of all, two weaker versions of the idea.
2.2.1 OK, maybe understanding is our job, but it is impossible
When a distinguished but elderly scientist states that something is possible,
he is almost certainly right. When he states that something is impossible,
he is very probably wrong. The rst of Arthur C. Clarkes three laws
Philosophers Syndrome: mistaking a failure of the imagination for an insight
into necessity. Dennett (1991)
Feynman yes, he again wrote:
So at the present time we must limit ourselves to computing probabilities. We say at
the present time, but we suspect very strongly that it is something that will be with
us forever that it is impossible to beat that puzzle that this is the way nature
really is. (Feynman, 1963a, p. 10-1)
And you probably met this objection or similar ones before: The mystery is irreducible,
the puzzle is eternal, it is impossible to crack the problem, and so on and so forth. This is
the central tenet of the Copenhagen interpretation, as we will see later.
13
I will not take too much time to discuss this anti-rationalistic argument. It is too weak an
adversary. Let me just mention that nobody has ever proved such a thing about anything. So
far, we humans have been able to slowly but steadily understand more and more of natures
secrets, and it doesnt look to me that QM will be special. In any case, if it were, the burden
of the proof is on those that say that understanding is impossible, not on us who have plenty
of examples of the contrary.
To be fair, I have to say that I dont believe that Feynman was anti-rationalistic far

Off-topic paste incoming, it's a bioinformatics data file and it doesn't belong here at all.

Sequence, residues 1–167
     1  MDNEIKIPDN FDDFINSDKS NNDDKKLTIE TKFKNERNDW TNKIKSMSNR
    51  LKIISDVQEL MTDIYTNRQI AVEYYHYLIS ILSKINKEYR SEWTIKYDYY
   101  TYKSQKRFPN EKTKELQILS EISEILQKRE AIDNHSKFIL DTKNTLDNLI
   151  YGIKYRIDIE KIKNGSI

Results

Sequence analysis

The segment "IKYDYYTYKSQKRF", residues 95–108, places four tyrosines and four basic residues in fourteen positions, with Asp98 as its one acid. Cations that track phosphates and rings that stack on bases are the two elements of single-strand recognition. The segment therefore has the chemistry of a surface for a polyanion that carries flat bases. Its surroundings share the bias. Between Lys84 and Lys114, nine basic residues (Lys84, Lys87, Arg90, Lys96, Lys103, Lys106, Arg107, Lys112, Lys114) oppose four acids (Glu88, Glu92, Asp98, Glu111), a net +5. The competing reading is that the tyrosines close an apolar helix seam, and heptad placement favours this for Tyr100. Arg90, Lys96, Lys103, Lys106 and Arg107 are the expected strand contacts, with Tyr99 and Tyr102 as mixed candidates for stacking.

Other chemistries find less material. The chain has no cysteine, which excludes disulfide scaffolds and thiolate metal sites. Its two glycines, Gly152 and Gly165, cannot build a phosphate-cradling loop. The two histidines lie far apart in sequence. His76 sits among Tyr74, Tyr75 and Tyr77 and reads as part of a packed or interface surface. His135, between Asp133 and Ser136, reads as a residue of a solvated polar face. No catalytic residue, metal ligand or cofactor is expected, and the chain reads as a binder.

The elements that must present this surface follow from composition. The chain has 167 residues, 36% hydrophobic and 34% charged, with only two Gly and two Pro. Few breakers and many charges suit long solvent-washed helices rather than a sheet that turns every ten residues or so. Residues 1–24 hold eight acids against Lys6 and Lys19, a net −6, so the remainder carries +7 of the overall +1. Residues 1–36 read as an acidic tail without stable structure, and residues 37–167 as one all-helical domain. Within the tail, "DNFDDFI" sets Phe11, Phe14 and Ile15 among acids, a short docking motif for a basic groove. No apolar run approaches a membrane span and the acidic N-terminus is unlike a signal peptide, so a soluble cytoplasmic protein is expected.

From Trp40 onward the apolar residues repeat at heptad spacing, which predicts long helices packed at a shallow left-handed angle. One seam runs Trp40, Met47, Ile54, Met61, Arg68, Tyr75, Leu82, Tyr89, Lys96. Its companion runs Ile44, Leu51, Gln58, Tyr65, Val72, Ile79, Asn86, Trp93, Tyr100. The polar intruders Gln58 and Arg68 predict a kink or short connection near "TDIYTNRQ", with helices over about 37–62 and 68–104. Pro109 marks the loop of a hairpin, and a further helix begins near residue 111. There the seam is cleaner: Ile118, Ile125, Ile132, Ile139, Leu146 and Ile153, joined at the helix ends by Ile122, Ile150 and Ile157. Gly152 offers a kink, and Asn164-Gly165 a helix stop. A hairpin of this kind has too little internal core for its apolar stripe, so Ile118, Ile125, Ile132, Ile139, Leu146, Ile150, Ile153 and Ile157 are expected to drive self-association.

from that! What I think is that, in his classic energetic style, and somewhat uncomfortable
because he himself knew that something was wrong with the current understanding of QM,
he mixed things a little bit again in the above quote. I will discuss something more about this
soon in sec. 2.2.3, but let me here briey say that believing that QM is the way nature really
is is perfectly compatible with the position that it is poorly understood and that something
should be done about that. Understanding QM is not nding a more fundamental way that
nature really is and obtaining QM as a special case. (This might be possible or not, and
I am OK with both situations.) What is understanding to me is (more or less) described
at the beginning of sec. 2.2, and it is independent from that. Whether or not there is an
underlying theory below QM is not a puzzle, it is just a question and one well within the
boundaries of physics by the way!
2.2.2 OK, maybe it is possible, but many geniuses have tried with no luck
Quit now, youll never make it. If you disregard this advice, youll be halfway
there. David Zucker, (North) American lm director
If at rst you dont succeed, try, try, again. Then quit. Theres no use being
a damn fool about it. W. C. Fields, (North) American comedian
Taking again the risk of misreading Feynmans words, let us look at two more quotes by
him (one of which we already met):
One might still like to ask: How does it work? What is the machinery behind the
law? No one has found the machinery behind the law. No one can explain any
more than we have just explained. No one will give you any deeper representation
of the situation. We have no ideas about a more basic mechanism from which these
results can be deduced. (Feynman, 1963a, p. 1-10)
Do not keep saying to yourself, if you can possible avoid it, But how can it be like
that? because you will get down the drain, into a blind alley from which nobody
has escaped. Nobody knows how it can be like that. (Feynman, 1965, p. 129)
Probably mixing again the whys with the hows (see sec. 2.2.3), and also mixing the
lack of a proper understanding of QM with the lack of an underlying theory from which QM
can be derived, these two quotes nevertheless remind us of a plausibility argument that you
have probably heard many times: A lot of clever guys have spent decades trying to solve
this problem. Therefore, it is either impossible or terribly dicult. If you decide to go into